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Game Day Quick Hits: Minnesota Wild at Edmonton Oilers

The Minnesota Wild will play the Oilers in Edmonton tonight for the first time this season. Here are your game day notes.

1. This will be the second of three meetings between the Oilers and Wild this season. They played an afternoon game in Minnesota back on Dec. 16 and the Oilers came out with a 3-2 win. Cam Talbot stopped 29 of 31 shots and Jesse Puljujarvi scored the game winner in the third period. After today’s game, they’ll play one more time on April 2.

2. The Wild are currently in third place in the Central Division. They look to be a lock for the playoffs, but a strong finish could possibly vault them over Winnipeg for home-ice in the first round and a poor finish could have them get hopped by Dallas who’s currently sitting in a wildcard seed.

3. Much like last season, Minnesota is an example of a team that does well in spite of poor shot attempt numbers. Generally we suggest that a team getting outshot consistently and winning is overachieving. The Wild are 30th in the league in even strength shot attempt differential but they rank third in the league in expected goals for percentage, via Corsica. That means the Wild might not be peppering a high volume of shots on goal, but they get quality chances and stop their opponents from doing the same.

4. That’s noticeable in Minnesota’s style of play. They have a rock solid blueline that smothers the other team in the defensive zone, a deep group of fast forwards who play 200-foot games, and they all buy into a responsible, defensive style in which they wait for opportunities to attack. It’s an interesting blend of the old, boring Wild teams from the past infused with that high tempo, hard skating Bruce Boudreau style we saw in Anaheim and Washington.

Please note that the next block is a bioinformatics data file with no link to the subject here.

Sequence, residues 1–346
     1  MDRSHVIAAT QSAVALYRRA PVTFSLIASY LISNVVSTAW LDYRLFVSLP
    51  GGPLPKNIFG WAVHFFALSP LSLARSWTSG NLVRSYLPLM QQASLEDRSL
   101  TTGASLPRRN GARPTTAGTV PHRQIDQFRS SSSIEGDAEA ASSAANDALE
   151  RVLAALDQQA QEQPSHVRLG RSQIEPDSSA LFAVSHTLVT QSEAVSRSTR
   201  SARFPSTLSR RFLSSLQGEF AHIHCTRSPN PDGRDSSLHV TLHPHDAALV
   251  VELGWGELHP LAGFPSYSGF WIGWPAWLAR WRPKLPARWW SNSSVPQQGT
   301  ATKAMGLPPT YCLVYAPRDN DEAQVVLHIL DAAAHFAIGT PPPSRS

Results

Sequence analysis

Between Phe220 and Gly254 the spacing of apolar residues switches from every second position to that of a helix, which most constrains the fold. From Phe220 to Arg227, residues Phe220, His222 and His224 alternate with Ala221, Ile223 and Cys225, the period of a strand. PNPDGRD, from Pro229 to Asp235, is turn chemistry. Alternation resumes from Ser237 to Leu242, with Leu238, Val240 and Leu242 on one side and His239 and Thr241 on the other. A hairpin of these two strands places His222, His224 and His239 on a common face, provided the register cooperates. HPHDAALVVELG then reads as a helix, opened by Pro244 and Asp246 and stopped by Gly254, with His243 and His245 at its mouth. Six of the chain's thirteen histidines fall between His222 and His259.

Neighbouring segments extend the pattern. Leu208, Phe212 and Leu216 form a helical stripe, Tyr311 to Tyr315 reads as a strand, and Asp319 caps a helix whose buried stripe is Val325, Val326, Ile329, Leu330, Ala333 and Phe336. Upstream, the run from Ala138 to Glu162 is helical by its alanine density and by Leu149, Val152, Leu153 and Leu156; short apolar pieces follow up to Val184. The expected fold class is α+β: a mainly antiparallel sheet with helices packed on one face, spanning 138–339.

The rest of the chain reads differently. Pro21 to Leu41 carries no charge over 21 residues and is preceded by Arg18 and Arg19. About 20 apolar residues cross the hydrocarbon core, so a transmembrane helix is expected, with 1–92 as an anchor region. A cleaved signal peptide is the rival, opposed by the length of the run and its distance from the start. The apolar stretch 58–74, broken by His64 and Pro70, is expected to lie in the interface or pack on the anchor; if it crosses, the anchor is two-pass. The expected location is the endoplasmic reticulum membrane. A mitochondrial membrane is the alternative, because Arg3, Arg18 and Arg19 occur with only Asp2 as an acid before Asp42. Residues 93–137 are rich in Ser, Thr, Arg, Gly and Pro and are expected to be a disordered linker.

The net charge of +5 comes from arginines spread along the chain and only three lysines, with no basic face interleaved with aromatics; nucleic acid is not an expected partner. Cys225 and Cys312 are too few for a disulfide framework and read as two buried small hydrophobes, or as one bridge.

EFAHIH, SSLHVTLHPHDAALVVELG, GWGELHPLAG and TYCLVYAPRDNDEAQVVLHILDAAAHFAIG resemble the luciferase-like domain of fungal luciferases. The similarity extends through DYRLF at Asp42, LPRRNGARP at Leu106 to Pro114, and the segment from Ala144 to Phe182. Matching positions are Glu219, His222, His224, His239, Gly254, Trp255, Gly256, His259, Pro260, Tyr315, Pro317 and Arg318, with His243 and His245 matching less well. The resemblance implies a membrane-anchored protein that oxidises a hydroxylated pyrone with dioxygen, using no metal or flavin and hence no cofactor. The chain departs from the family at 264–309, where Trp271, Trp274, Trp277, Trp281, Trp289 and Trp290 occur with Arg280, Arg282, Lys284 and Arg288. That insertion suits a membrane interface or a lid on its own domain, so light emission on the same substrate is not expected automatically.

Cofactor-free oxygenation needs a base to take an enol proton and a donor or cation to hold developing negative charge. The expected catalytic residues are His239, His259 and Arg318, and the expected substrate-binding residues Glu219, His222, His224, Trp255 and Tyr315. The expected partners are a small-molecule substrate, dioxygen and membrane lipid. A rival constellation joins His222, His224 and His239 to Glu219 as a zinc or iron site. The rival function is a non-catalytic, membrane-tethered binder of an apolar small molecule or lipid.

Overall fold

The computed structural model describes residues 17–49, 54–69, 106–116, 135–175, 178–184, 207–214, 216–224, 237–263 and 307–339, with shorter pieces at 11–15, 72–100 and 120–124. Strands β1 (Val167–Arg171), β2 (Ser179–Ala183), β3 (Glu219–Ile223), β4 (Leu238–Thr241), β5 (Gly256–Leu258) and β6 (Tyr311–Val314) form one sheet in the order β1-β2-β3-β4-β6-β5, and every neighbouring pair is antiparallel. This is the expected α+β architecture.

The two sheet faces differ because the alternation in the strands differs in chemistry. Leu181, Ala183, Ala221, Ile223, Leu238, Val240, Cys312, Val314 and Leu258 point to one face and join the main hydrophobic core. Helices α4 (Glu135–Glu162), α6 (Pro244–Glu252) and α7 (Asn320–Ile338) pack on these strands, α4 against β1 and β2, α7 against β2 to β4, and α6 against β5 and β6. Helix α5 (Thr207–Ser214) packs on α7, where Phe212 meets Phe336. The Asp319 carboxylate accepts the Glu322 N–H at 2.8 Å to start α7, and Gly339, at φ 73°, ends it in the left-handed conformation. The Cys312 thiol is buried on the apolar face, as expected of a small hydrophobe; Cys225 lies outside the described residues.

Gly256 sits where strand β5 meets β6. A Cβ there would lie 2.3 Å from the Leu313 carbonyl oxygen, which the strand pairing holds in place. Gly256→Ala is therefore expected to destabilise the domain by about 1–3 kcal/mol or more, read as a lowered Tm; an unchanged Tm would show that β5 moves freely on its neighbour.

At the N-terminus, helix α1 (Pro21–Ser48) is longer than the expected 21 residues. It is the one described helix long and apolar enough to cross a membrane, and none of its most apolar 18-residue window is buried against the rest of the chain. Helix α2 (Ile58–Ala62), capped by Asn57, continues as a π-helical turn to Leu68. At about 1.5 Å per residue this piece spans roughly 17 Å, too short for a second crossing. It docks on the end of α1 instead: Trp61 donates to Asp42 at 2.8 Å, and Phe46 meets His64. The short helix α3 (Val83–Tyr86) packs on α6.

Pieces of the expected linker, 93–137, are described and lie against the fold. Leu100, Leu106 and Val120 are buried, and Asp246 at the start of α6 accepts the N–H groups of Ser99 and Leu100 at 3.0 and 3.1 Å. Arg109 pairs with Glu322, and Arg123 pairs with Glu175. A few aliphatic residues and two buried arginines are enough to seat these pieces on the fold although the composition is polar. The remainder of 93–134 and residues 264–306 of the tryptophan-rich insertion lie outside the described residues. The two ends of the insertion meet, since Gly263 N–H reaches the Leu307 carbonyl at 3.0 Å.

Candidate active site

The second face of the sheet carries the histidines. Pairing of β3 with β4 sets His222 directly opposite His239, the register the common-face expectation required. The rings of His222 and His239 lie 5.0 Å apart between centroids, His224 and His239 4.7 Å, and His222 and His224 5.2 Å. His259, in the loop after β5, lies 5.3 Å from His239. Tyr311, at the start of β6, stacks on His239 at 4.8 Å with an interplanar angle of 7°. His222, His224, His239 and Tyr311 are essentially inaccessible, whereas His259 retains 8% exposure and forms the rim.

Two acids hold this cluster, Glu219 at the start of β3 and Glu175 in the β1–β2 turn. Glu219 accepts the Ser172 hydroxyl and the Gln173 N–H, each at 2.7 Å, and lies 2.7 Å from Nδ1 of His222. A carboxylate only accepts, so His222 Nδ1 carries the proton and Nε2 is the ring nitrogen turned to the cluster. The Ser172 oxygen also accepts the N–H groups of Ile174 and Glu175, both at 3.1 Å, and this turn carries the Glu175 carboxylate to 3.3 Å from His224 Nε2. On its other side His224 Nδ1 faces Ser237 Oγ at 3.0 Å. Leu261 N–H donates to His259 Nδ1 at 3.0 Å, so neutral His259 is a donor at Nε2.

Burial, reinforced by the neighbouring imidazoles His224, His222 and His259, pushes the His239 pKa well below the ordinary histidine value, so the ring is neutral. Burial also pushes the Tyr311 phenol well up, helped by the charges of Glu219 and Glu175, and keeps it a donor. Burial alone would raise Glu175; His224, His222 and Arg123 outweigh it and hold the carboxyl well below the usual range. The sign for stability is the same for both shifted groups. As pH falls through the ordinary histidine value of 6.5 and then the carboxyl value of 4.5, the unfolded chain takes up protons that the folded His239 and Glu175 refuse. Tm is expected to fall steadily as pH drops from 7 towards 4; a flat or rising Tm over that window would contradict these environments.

5. Another thing the Wild do well is score on the power play. They rank sixth in the league with a 21.83 per cent power play efficiency. They’re league average on the penalty kill, but being able to score with the man advantage has been key to the team’s success this year. Their biggest power play weapon? Eric Staal who has 11 goals on the man advantage.

6. Speaking of Staal, he’s having a bounce-back season that nobody really saw coming. Back in 2016, he was dealt to the New York Rangers from the Carolina Hurricanes as a deadline rental. Him and the Canes couldn’t work out a contract extension as Staal was seeking something like $8 million annually. He was eventually signed by the Wild on a ridiculous bargain contract worth $3.5 million annually. Now, he’s playing at a point-per-game pace and could get himself some Hart Trophy votes.

7. Staal’s resurgence in Minnesota is sort of similar to the breakout enjoyed by Devan Dubnyk. As we all know, Dubnyk played on some awful Oilers teams. He was traded to Nashville for Matt Hendricks and then bounced around a little before figuring it out with the Wild. They completely hit the reset button with Dubnyk in Minnesota and he finally lived up to his draft hype.

8. Dubnyk has a .918 save percentage in 49 games for the Wild this season. Of course, it helps playing behind a very good blueline like the Wild have, but Dubnyk’s later-career breakout is always an interesting story. I wonder if it came more from the change of scenery or if it comes down to the Oilers’ inability to develop prospects. I would imagine a big part of it has to do with the latter.

9. Oscar Klefbom will miss the next couple games to undergo a “minor procedure.” That’s sort of ominous, given the quote Elliotte Friedman had about Klefbom playing this season through an injury. I really don’t know why the team wouldn’t shut him down at this point if he is truly dealing with a nagging issue.

10. And, finally, The McArtRoss Race. Connor McDavid has 81 points in 67 games and is six points behind Nikita Kucherov for the league’s scoring lead. McDavid’s 1.21 points-per-game is just slightly lower than the 1.22 points-per-game had last year. It’s remarkable he’s managed that pace given how useless the team’s power play has been.


Let’s show Vegas something they’ve never seen before—Alberta hockey fans.

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